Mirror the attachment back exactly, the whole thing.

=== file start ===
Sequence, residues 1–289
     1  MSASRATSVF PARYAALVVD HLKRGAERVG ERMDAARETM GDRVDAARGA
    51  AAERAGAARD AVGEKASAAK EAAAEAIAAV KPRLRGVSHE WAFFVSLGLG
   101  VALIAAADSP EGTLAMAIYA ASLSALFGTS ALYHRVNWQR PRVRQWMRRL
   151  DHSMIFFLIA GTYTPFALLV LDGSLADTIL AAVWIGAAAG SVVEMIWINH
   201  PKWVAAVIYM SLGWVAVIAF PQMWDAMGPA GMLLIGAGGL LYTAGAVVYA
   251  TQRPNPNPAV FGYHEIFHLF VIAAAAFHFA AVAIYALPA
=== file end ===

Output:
Sequence, residues 1–289
     1  MSASRATSVF PARYAALVVD HLKRGAERVG ERMDAARETM GDRVDAARGA
    51  AAERAGAARD AVGEKASAAK EAAAEAIAAV KPRLRGVSHE WAFFVSLGLG
   101  VALIAAADSP EGTLAMAIYA ASLSALFGTS ALYHRVNWQR PRVRQWMRRL
   151  DHSMIFFLIA GTYTPFALLV LDGSLADTIL AAVWIGAAAG SVVEMIWINH
   201  PKWVAAVIYM SLGWVAVIAF PQMWDAMGPA GMLLIGAGGL LYTAGAVVYA
   251  TQRPNPNPAV FGYHEIFHLF VIAAAAFHFA AVAIYALPA